subject, though he does correctly acknowledge both Cairnes and J.S. Mill for recognising the impact of Maine’s work, at least as he puts it ‘in some special points’ of their work (ibid.: 130, fn. 1). But Bastable’s central methodological point was the impact of the new evolutionary framework ‘in bringing out the general similarity of the various sciences dealing with man,’ which ‘again made examination of the bonds joining economics to the related subjects a more prominent object’ (ibid.: 130). Bastable’s training in jurisprudence and political science provided the framework for much of his thinking and he often refers to it. Other likely influences on his methodological thinking were his acquaintance with the continental writers, particularly the members of the German Historical School, the impact of his compatriot Cliffe Leslie and the influence of Ingram in Trinity College Dublin during Bastable’s education and early career. Nor, it may be reasonably surmised, were the vibrant debates on the specifics of Irish conditions and the problems they posed for economic policy during the nineteenth century totally lost on Bastable given his commitment to specificity and historicity, and his insistence ‘that it is the social basis rather than the slighter edifice of half-developed theory that gives life and power to our present work’ (ibid.: 133). But the shift from classical (real cost) to necolassical (subjective) value theory, it has been argued, bypassed international trade, where the idea of ‘real’ costs determining production ‘was retained . . . well into the 1930s’ (Gomes 2003: 92). This argument must be viewed as part of a more extended argument that the ‘classical trade model survived the “marginal revolution” of the 1870s,’ and for three reasons: (i) the fact that Mill had identified and incorporated the role of demand in his analysis of international value; (ii) the transformation of Ricardo’s labour theory of value into Marshall’s ‘real cost’ theory; and (iii) the fact that trade theory was already emphasising the efficient allocation of a given stock of resources and its attendant corollary of rationality as informing the international exchange of commodities, so that it sat comfortably with the new paradigm of exchange which underlay the ‘marginal revolution’ (ibid.: 92). If this was the theoretical background that Bastable encountered as he began to study international trade, there were equally significant shifts occurring in the area of trade policy. When Queen Victoria in 1852 told her uncle, the King of the Belgians, that ‘protection is quite gone,’ she was unquestionably echoing the spirit of the times (Clapham 1967). The British economy had entered a period of sustained growth and prosperity that was to last for twenty years, and which was largely attributed to a free trade policy which facilitated a very favourable international division of labour, certainly when viewed from Britain’s perspective. The essential trade relationship was quite straightforward: Britain’s prosperity was established on the success of its export of manufactured goods based on its superior technology, scale of production and expertise. These exports were in turn paid for in the form of raw materials and food imports from within the empire and outside it. The leading economists of the period were of one voice in acknowledging the contribution of free trade to the mid-Victorian boom (Gomes 2003). The free trade, or ‘low-tariff ’, era of the mid-nineteenth century came in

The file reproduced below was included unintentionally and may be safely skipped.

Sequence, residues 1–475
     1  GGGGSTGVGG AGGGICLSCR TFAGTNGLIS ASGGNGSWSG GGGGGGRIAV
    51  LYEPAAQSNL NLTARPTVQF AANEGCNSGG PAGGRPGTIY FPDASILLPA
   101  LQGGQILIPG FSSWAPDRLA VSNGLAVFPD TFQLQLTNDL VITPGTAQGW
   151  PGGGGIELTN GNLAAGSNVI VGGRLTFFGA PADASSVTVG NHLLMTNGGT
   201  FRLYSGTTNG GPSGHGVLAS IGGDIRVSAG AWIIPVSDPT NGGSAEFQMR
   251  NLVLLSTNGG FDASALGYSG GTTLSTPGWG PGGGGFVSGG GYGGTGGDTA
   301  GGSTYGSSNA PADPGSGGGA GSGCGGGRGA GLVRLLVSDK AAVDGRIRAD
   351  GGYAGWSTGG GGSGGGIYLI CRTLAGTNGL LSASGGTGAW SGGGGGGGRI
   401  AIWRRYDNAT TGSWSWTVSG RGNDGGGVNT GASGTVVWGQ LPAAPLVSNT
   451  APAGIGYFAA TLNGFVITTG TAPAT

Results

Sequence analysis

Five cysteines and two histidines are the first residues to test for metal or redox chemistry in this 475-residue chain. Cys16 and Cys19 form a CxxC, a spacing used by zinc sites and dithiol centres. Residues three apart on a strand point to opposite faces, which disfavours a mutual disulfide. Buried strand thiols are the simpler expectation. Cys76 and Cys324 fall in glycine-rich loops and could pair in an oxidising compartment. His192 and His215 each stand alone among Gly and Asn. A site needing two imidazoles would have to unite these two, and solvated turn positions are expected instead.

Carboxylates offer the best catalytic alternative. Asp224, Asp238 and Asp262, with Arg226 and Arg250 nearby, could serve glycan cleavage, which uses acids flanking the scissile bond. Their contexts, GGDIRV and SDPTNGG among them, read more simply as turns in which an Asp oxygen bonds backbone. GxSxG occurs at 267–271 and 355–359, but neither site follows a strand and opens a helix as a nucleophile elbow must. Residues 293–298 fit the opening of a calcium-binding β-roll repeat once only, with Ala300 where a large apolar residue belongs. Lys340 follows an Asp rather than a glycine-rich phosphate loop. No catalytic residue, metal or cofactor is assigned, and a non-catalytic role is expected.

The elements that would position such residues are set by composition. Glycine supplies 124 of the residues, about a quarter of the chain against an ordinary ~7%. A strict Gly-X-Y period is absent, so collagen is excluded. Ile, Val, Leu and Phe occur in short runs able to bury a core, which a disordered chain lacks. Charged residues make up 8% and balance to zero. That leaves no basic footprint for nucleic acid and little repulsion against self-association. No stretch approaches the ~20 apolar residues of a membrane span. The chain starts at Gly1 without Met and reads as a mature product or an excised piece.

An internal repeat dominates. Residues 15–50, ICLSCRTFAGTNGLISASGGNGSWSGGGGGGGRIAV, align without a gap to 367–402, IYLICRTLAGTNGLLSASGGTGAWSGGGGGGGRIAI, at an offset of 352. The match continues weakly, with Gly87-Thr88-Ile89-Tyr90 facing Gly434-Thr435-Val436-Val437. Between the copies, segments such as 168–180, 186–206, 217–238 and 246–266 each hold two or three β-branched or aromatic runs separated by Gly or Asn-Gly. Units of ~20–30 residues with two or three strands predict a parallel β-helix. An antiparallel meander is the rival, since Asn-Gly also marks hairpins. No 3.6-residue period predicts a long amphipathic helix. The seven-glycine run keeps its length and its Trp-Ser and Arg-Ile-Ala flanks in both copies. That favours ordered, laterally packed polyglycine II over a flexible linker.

two stages marked by two major iconic developments: the repeal of the Corn Laws in 1846, and the signing of the Anglo-French (Cobden-Chevalier) commercial treaty in 1860. For a quarter of a century following the repeal of the Corn Laws, the commitment to free trade remained the presiding idea in British economic and political discussion. Advocates of repeal had argued that it would provide the stimulus and example for other countries to reconsider their trade policies in favour of a low-tariff regime. In the short run these sentiments were validated. The Dutch and Belgians repealed their Corn Laws in 1847 and 1850 respectively. But it was the Anglo-French treaty of 1860, together with the tariff reductions implemented by Holland, the Scandinavian countries and the Zollverein that signalled the arrival of a free trade regime in continental Europe. The Cobden-Chevalier treaty represented the high point of British free trade diplomatic achievements in the nineteenth century. By the 1870s, internal and external developments would conspire to undermine this triumph, and usher in a return to protectionism during the 1880s and 90s. The trigger was the onset of the depression in agriculture in 1874 and the more general slowdown which would beset the British economy over the next twenty years. These developments coincided with the emergence of Germany and the United States and the resultant relative decline of Britain’s status within the international economy. This convergence of events led to a crisis of confidence and launched a fundamental debate on the state of the British economy, including a reaction against free trade. Meanwhile protection was on the rise in Europe, beginning with the introduction in 1879 by Germany of a series of levies on iron and steel and a range of agricultural imports. This was quickly followed by the French National Assembly, which in 1881 introduced a number of tariffs, to be followed by others. The era of free trade was over. The debates that followed split both the political establishment and the economists. They came at a time when the economic community was itself in the throes of self-interrogation as to the purpose and nature of economics. The debates between the members of the English Historical School and the economic theorists were in full flight, with Marshall striving to achieve a compromise between the older classical tradition and the newly emergent marginalist mode of analysis with a view to establishing the academic and professional credentials of the discipline. The debate on free trade and the reform of commercial policy established policy battle-lines which largely followed the methodological ones. While the majority of the mainstream economic theorists defended the principles and policy of free trade, the case for protection was very actively presented by another group of academic economists, mostly but not exclusively economic historians. It was the interaction between these two groups that led to the development and refinement of international trade theory and policy from the 1880s, to which Bastable would be an important contributor, particularly in the context of the tariff reform debate of 1903, in which he sided with free trade. Bastable’s status in international trade theory and policy rested on his major work, The Theory of International Trade, first published in 1887, which went